- Associated Press - Saturday, June 4, 2016

SOLSBERRY, Ind. (AP) - In the settling dust, kicked up from a long gravel drive near Solsberry, it’s easy to squint one’s eyes and imagine the Middle East. The blurry outline of armed men hanging off a four-wheel drive vehicle. A long-barreled, high power rifle and its gleaming cartridges. Those iconic desert scarves, shemaghs, flapping at soldiers’ necks.

There’s a convergence of two worlds at Panther Ridge Training Center, a private-yet-accessible facility where Jerimiah Barthold simultaneously works to return to society while elevating the senses of those that seek his training in civilian life. Founded in 2011 after Barthold’s medical release from the Army, the range has been listed for sale as part of the family’s greater 149-acre homestead in the hopes that their role in weapons training will be elevated under new ownership.

“This has been kind of therapeutic in a sense, for me to be in my element and train people with the knowledge I have,” said Barthold, the center’s director of training. “After being in Third World countries half my life, to be able to offer people insight into protection is key and fundamental for me. I wish everybody would come out here and do it.”

That’s the response Barthold gives when asked who uses the range - everybody. On a given day, shooters are anywhere from 16 to 60 years old. They’re ex-military, pre-military, members of the Call of Duty generation, local law enforcement or just people looking for a little direction. Courses range from introductory pistol, shotgun and carbine training to courses for more experienced and vetted professionals, including tactical vehicle operations, patrolling and close quarters combat.

“I’m basically trying to create a stigma away from the Southern Indiana redneck, because that’s not what we do here. We’re quiet professionals,” Barthold said. “It’s so Hollywood-ized that people get the wrong impression.”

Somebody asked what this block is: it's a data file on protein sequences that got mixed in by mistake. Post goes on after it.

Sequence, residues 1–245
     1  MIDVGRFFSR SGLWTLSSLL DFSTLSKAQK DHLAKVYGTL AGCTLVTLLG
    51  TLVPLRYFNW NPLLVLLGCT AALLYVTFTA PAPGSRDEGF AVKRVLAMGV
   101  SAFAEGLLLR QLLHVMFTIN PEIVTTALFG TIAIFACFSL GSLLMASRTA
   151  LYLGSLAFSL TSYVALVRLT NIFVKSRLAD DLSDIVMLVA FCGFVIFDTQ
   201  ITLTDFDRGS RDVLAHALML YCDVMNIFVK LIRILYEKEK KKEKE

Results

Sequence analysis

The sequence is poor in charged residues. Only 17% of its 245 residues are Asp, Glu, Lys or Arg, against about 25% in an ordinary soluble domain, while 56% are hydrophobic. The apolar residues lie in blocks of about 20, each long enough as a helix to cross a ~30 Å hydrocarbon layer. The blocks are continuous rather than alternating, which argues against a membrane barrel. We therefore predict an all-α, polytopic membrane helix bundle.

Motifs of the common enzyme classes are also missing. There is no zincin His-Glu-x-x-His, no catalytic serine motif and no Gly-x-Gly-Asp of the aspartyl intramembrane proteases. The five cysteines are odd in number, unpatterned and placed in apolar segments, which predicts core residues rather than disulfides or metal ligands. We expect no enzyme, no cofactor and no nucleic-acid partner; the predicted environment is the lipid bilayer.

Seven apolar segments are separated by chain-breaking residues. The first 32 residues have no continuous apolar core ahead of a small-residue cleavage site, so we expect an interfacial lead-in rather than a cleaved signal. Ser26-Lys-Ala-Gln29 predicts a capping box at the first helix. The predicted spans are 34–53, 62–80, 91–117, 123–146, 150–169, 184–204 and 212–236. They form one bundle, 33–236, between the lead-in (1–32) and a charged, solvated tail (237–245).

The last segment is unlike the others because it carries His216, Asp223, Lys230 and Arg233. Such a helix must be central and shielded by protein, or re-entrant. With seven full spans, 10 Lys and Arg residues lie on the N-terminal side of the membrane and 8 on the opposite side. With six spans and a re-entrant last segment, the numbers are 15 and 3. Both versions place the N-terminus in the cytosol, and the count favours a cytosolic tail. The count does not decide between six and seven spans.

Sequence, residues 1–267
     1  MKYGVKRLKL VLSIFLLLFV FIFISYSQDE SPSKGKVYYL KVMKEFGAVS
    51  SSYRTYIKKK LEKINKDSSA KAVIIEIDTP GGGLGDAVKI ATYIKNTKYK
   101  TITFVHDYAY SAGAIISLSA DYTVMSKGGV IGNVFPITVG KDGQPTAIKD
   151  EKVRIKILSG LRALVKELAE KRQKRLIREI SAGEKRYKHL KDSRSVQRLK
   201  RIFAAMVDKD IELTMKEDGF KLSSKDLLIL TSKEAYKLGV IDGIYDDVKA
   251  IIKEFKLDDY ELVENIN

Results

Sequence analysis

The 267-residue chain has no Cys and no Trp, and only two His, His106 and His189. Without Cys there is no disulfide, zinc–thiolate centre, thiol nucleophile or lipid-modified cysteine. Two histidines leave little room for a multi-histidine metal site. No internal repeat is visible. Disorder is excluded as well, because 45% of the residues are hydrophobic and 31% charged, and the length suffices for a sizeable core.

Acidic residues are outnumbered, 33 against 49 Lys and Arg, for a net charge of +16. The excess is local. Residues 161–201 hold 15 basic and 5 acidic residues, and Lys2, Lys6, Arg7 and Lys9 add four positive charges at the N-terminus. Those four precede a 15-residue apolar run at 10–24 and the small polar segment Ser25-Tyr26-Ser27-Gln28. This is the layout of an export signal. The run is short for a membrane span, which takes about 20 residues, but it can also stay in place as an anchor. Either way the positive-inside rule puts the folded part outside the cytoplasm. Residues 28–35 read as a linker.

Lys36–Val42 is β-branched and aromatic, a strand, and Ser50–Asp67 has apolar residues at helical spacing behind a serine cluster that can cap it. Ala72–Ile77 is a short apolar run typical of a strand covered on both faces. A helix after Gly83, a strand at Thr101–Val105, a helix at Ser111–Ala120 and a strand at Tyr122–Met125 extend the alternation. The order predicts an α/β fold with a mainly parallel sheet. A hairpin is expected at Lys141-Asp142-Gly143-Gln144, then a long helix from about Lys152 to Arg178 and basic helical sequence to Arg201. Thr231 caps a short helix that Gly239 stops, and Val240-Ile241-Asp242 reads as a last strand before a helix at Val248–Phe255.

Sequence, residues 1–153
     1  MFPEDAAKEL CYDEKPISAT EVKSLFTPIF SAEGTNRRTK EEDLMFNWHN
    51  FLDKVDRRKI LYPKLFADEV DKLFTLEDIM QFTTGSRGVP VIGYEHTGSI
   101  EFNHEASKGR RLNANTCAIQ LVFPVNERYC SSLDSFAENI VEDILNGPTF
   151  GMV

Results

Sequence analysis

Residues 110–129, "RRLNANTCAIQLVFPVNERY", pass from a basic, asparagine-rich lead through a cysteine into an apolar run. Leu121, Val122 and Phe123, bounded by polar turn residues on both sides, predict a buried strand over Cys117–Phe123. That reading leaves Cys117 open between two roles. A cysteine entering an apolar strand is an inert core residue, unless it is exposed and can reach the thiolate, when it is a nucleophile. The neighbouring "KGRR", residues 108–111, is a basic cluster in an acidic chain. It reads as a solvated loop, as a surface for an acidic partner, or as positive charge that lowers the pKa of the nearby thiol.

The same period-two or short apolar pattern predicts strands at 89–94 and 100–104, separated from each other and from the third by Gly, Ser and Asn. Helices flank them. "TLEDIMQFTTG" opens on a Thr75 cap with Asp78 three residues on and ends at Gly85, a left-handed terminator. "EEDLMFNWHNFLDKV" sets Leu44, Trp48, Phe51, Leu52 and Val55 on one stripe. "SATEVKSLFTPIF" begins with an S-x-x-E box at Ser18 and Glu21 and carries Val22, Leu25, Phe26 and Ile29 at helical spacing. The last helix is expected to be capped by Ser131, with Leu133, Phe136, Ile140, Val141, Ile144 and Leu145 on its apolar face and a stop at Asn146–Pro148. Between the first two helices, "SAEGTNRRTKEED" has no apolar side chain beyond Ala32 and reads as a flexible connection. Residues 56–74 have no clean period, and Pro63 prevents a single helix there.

According to Barthold, he does what he does because of society’s continuing furtherance from the nation’s original values.

“An overall safety awareness, an armed society is a polite society; a hundred years ago, everybody carried a gun. I don’t understand why America got away from these ideals,” Barthold said. “Now, we’re worried about a transgender bathroom. It’s the Kansas City Shuffle, man; everybody looks left while people are working right. People are so focused on the things that don’t matter while their safety is at hand.”

Barthold’s military and private contracting career has taken him from Fort Benning, Georgia, to Iraq, to Virginia, to Washington, D.C., to Kuwait, to Haiti and back.

“I left my boot print on a lot of doors in Afghanistan,” he said, elaborating on his close quarters combat experience.

From that career, Barthold learned to “get a kit, make a plan and be prepared.” After his final stint in Afghanistan, Barthold returned home to recover from an injury he sustained from an IED explosion in 2011, sat down and spent six months writing training course curriculum.

“A lot of this was for Jerimiah coming out of a warzone,” said Bart Barthold, Jerimiah’s father and owner of Panther Ridge Research, the training center’s parent company. “When it was time for him to leave the embassy at Kabul and come back here, we decided, here’s 21 acres on the high side of Greene County; you can shoot up a storm if you want to. It’s been great therapy.”

Bart, a retired Master Chief with the U.S. Navy, spent 22 years serving his country. Bart says he’s lived three lifetimes; one over, one on, and one under the ocean. It’s the reason why he decided it was time to put everything back into his family and retire to a place where he can “forget the ocean exists for a while.”

“I always thought it would be a homestead, and if not, it would turn into an investment,” said Bart. “I’m looking to retire here in the next couple of years, and it has started to seem like it’s a good time for everything to turn into an investment.”

Should a buyer purchase the property, which included the Bartholds’ two-story home, Bart hopes to travel with his wife, Barbara, and move to Bloomington to be closer to family. Still, he remains discerning about sale.

“What me and my wife would like to see is for someone to pick up Panther Ridge and raise it to the next level,” he said.

That next level, as Jerimiah sees it, would include a three-story building for tactical exercises; a driving course; a classroom with shooting supplies available for purchase; and indoor range; and even a helicopter landing pad that would allow training from a practiced professional in aerial shooting.

“I’m glad I have the availability, the know-how and the knowledge to be able to put this together with my dad,” said Jerimiah. “I really care about people as a community. It’s just the individuals that mess it up. Our system is broken, and this is my way to help the people in my community.”

___

Source: The (Bloomington) Herald-Times, https://bit.ly/1RO7Xzp

___

Information from: The Herald Times, https://www.heraldtimesonline.com


Copyright © 2018 The Washington Times, LLC.

The Washington Times Comment Policy

The Washington Times welcomes your comments on Spot.im, our third-party provider. Please read our Comment Policy before commenting.

 

Click to Read More and View Comments

Click to Hide